Commentary. The Ponte Morandi, which collapsed Aug. 14 and killed 43 people, was always a source of noise pollution for those forced to live near it. As Italy prepares to rebuild, a least one elected official is proposing to rebuild it a bit differently.

A plan to rebuild Genoa with peace and quiet

An eerie silence now reigns in the two residential areas to the south and north of the collapsed bridge. Genoa is by no means a silent city, with its port, its industry, and a traffic flow that is unsustainable. Distant echoes of traffic can still be heard here, coming from the Via Aurelia and the parallel road, but this is nothing compared to the hellish noise that used to blanket the Polcevera valley at all times of day: 24 hours of noise and air pollution daily, 365 days a year, because of the out-of-control traffic.

What can be heard in the neighborhood now is a silence full of sorrow for the tragedy of so many deaths, for the wounded who are still in hospitals, for those who will always bear the marks of having been through catastrophe, and for the families who will now lose their homes, located in buildings which will now be demolished, whose roofs had already been partially destroyed decades ago to make room for the monstrous concrete structure that represented “progress.” These are real people who have had to pay an inhuman price for so many decades, as our editor Norma Rangeri accurately put it. Modernity is cruel to those who cannot avoid being in its path.

This silence, temporary and painful, full of unknowns about the future, seems to be given little regard. Those who worship at the altar of modernity want to rebuild the bridge very quickly, just as it was. This would address a real need for a city that otherwise risks clogging up entirely, but what is surprising is that we have only heard so far from the higher-ups of Autostrade per l’Italia or from various technical experts, in one way or another involved in, or responsible for, this great tragedy. Perhaps their aim is to appropriate for themselves the consent of the local population, which has other priorities these days. Only one of these technical experts has dared to propose that the new bridge should even have a noise barrier—an ineffective option altogether, given the bridge’s height.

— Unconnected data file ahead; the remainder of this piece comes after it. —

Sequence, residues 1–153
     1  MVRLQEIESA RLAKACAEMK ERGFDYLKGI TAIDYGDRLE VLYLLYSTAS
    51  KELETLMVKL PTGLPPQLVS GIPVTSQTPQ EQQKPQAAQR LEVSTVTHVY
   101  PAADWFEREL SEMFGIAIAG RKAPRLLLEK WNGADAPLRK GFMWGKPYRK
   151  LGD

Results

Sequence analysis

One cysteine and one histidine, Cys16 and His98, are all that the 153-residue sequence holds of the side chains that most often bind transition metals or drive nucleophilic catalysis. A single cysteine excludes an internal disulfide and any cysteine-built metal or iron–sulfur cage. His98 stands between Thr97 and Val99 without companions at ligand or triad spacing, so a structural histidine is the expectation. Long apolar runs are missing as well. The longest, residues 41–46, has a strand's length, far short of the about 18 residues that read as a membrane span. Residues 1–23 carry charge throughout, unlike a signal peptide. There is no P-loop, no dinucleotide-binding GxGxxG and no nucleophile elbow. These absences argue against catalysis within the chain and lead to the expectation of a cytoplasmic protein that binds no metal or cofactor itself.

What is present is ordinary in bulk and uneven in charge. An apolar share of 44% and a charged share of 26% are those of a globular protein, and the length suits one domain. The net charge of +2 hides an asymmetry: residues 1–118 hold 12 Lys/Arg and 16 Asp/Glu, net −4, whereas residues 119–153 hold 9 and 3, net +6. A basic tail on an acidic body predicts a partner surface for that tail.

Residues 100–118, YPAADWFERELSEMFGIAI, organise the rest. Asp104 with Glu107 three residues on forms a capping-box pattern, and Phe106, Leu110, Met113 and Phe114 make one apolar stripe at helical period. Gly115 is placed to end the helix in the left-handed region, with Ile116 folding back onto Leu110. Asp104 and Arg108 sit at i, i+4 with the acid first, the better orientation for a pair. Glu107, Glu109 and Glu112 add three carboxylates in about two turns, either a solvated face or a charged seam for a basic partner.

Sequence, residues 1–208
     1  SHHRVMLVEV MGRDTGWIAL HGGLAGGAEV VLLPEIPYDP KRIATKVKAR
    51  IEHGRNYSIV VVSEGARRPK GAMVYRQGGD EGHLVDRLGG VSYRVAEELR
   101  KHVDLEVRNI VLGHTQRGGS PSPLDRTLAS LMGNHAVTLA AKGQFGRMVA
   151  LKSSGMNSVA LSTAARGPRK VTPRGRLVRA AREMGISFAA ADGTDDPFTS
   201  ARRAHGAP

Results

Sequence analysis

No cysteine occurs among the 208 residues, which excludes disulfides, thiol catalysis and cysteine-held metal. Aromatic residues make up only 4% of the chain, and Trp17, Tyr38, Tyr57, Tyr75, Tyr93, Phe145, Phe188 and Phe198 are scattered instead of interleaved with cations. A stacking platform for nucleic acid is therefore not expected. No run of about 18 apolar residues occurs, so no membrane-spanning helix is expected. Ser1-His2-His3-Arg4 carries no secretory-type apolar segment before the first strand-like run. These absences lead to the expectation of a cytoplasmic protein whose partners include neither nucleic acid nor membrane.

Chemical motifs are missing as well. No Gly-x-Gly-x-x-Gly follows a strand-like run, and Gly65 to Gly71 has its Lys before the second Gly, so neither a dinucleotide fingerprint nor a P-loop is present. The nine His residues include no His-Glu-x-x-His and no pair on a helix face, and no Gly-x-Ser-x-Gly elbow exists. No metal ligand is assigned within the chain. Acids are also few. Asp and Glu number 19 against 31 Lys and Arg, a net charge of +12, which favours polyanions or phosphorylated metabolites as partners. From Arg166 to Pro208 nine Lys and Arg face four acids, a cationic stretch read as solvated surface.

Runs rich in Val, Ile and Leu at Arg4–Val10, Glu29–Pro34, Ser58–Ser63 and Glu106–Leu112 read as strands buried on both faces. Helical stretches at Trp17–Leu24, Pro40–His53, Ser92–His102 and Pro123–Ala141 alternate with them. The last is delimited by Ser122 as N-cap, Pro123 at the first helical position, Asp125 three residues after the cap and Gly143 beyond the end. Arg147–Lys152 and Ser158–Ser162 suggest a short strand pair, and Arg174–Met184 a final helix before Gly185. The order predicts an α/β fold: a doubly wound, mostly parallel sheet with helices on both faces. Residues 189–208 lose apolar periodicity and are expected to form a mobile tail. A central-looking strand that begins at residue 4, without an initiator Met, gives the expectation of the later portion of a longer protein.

Renzo Piano, a senator for life as well as an outstanding architect, has wisely tried to push the boundaries of the discussion further in this direction. Reconstructing the bridge is the right idea, but we should also look toward playing an active part in the transformation of a part of the city, consisting of homes, of (easily overlooked) human activity, of human relationships. Why not try to change the framework of assumptions that has been portrayed up to now as the sole and indisputable one, and add to the balance of considerations for the reconstruction the need to open up a new phase in the life of the city—one that would able to maintain, secure, and even, one might say, sanctify this silence for the daily lives of so many people, older, younger and children?

If we think of a city that would respect the rights of everyone, regardless of their economic ability to be able to choose a home in a less-polluted area, this would require the building not of a new bridge, but rather of a suspended tunnel, in order to prevent the noise from once again taking over the Polcevera valley. Many of these can be found nowadays in our cities, but they are mostly short and discontinuous. Genoa could open up a new phase in their construction. Such a project would cost much more than a normal bridge, because of the extra weight and the costs of ensuring safety. But it could combine, for the very first time, the aim of developing large infrastructure with another much larger endeavor—to build a city that is fit for the people who live there, with a bridge that would maintain the silence, showing respect for the innocent victims of the collapse.

The very little respect for human dignity shown by the two vice-prime ministers on the issue of immigration has shown clearly that new ideas are not going to come from the two political parties currently in power. Such demands could instead emerge from the people themselves, who have been living for decades under unbearable hardships—if, indeed, politics were to begin again to take an interest in their lot.

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